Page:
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Executive Risk Indemnity, Inc. v. Cigna Corp.

June 3, 2009

EXECUTIVE RISK INDEMNITY, INC., APPELLEE
v.
CIGNA CORPORATION, APPELLANT



Appeal from the Order entered March 19, 2008 In the Court of Common Pleas of Philadelphia County, Civil, No. 01495.

The opinion of the court was delivered by: Klein, J.

Petition for Reargument Filed June 17, 2009

BEFORE: KLEIN, SHOGAN, JJ. and McEWEN, P.J.E.

OPINION

¶ 1 CIGNA Corporation appeals from the order entered in the Court of Common Pleas of Philadelphia County entering declaratory judgment in favor of Executive Risk Indemnity, Inc. At issue was the determination of coverage for CIGNA by Executive Risk regarding claims made against CIGNA that it systematically, and in collusion with other health insurers, underpaid certain claims. These allegations represent both a civil Racketeer Influenced and Corrupt Organization (RICO) claim and breach of contract claim. CIGNA settled the underlying lawsuit for $140,000,000 without an admission of wrongdoing and without indicating how much of the settlement was apportioned for the RICO claim and how much to the breach of contract claim. The trial court determined the Executive Risk professional liability policy did not offer coverage for the claims made. After a thorough review of the submissions by the parties, the official record and relevant law, we reverse and remand for further proceedings consistent with this decision.

History

¶ 2 From 1999 to 2002, CIGNA was a defendant in several federal class action lawsuits. These lawsuits, usually referred to as the Mangieri, Shane and Kaiser cases, claimed that CIGNA, along with several other managed care organizations, systematically underpaid claims by medical providers submitted to them. The complaints charged CIGNA with breach of contract as well as RICO violations in conspiring with the other insurance companies to keep payments improperly low.*fn1 Eventually, Mangieri and Shane were consolidated under Shane. Then in 2003 CIGNA settled the Shane and Kaiser cases together under the auspices of the United States District Court, Southern District of Florida, docket number MDL No. 1334 (In re Managed Care Litigation).

¶ 3 As is true in virtually all settled cases, there was no admission of wrongdoing. The settlement agreement also provided for specific means for class members to seek payment. These means were based on showing that certain claims previously submitted to CIGNA had been part of that class of claims that had allegedly been underpaid. There was also a statement in the settlement agreement that none of the claimants would be required to prove specific aspects of the RICO claims. Thus, while the settlement document acknowledged both breach of contract claims and RICO claims, the settlement agreement did not apportion the settlement amount between the claim types.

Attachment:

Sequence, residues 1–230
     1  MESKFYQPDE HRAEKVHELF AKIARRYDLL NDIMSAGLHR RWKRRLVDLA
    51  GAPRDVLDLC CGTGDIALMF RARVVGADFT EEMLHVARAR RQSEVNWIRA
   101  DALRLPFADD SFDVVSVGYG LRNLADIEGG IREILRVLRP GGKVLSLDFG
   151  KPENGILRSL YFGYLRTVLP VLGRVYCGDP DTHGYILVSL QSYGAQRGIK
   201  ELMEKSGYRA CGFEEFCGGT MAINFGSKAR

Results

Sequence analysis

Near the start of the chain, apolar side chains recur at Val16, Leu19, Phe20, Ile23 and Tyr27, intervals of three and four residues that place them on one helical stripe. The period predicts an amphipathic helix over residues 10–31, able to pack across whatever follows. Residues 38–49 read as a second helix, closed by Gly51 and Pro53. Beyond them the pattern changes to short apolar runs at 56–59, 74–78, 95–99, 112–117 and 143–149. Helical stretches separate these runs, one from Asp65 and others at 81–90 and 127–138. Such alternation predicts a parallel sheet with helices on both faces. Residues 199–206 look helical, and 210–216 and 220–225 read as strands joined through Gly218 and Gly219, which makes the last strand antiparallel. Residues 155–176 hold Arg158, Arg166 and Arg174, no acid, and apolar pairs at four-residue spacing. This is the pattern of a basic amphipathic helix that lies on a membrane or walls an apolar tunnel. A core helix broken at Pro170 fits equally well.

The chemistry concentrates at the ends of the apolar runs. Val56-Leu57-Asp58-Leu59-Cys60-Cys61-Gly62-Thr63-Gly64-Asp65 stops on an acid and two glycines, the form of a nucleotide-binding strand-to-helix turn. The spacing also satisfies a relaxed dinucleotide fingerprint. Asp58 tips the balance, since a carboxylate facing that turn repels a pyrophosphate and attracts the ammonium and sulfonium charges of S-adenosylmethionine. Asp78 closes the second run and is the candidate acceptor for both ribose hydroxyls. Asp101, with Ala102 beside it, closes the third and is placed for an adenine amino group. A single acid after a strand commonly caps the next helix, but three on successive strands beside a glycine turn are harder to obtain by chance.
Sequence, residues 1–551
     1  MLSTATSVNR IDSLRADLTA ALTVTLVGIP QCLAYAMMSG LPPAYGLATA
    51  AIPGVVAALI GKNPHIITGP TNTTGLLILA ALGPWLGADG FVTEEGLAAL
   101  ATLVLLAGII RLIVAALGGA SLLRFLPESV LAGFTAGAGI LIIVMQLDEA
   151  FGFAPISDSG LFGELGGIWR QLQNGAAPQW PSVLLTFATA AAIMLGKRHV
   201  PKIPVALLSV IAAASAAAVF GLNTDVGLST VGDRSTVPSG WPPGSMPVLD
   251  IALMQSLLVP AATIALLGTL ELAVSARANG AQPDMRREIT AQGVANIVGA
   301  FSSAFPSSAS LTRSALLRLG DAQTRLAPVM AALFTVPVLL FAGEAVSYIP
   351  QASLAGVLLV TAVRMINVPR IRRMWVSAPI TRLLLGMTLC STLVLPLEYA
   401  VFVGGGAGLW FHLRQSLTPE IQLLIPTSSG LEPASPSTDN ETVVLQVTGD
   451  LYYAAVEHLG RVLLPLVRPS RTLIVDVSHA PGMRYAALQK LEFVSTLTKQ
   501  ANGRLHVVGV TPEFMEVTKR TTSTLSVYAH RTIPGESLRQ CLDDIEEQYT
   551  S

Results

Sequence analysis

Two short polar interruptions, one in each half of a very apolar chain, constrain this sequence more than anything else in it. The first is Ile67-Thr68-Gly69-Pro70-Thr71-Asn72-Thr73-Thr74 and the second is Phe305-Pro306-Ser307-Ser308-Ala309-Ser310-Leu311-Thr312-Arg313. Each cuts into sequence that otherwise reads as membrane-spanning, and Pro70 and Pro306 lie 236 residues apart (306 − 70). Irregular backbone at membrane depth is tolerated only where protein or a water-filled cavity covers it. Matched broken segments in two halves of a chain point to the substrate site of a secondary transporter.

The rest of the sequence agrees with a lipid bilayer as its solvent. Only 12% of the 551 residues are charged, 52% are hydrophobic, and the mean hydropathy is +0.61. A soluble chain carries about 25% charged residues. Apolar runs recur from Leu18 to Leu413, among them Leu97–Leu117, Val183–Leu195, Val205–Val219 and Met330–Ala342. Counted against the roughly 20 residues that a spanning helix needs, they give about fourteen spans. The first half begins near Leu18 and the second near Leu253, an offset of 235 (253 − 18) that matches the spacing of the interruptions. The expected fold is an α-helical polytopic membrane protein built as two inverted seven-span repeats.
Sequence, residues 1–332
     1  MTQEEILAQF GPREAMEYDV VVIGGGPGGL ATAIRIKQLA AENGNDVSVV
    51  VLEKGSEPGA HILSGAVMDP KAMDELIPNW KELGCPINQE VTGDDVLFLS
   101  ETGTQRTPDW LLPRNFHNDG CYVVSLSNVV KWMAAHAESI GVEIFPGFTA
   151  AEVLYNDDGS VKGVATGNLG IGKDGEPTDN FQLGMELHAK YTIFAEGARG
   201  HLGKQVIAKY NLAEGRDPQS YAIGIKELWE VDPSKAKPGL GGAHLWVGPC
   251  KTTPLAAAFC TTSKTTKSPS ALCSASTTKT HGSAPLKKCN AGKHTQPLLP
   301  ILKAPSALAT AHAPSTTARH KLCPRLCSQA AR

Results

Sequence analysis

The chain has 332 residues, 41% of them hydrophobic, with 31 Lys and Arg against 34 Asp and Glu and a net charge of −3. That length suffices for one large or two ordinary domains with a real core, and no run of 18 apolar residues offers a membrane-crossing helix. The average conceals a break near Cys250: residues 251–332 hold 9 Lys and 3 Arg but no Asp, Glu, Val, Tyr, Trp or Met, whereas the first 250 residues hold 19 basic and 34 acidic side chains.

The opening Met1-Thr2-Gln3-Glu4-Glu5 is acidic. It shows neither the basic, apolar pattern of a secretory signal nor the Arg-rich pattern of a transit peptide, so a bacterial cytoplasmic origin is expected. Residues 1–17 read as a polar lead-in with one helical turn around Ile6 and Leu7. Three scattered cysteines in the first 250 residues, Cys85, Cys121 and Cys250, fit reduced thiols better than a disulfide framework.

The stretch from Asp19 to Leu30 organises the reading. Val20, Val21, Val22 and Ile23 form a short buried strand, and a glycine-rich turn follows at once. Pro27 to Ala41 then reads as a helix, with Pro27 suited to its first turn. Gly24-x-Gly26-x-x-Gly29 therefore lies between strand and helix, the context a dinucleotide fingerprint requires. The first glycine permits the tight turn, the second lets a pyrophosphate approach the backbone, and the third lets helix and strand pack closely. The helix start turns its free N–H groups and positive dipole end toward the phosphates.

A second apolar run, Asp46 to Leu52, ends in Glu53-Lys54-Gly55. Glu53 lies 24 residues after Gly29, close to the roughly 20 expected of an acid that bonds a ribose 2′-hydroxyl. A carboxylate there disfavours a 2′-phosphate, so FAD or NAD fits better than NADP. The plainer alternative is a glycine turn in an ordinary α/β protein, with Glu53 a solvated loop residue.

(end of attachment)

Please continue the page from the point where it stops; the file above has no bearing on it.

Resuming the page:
¶ 4 CIGNA then sought indemnity from its many professional responsibility insurers, including Executive Risk. Executive Risk claims that its policy does not cover the losses incurred in the underlying lawsuit/settlement because the losses are directly attributable to CIGNA's contractual duty to pay the claims of its medical providers seeking reimbursement. On the other hand, CIGNA claims that the settlement encompassed both breach of contract claims and RICO claims, therefore Executive Risk is bound to cover this claim.

¶ 5 The trial court ruled that because the claimants are seeking payment on the basis of service provided, the settlement was based on breach of contract and was therefore excluded from coverage.

Discussion

¶ 6 Initially, we note our scope and standard of review regarding the grant of summary judgment. We may reverse if there has been an error of law or an abuse of discretion. Our standard of review is de novo, and our scope is plenary. We must view the record in the light most favorable to the non-moving party and all doubts as to the existence of a genuine issue of material fact must also be resolved against the moving party. See Millers Capital Ins. Co. v. Gambone Bros. Dev. Co., 941 A.2d 706, 712 (Pa. Super. 2007).

ΒΆ 7 Additionally, the interpretation of an insurance policy is a question of law for the court. Continental Casualty Co. v. Pro Machine, 916 A.2d 1111, 1118 (Pa. Super 2007). "The polestar ...


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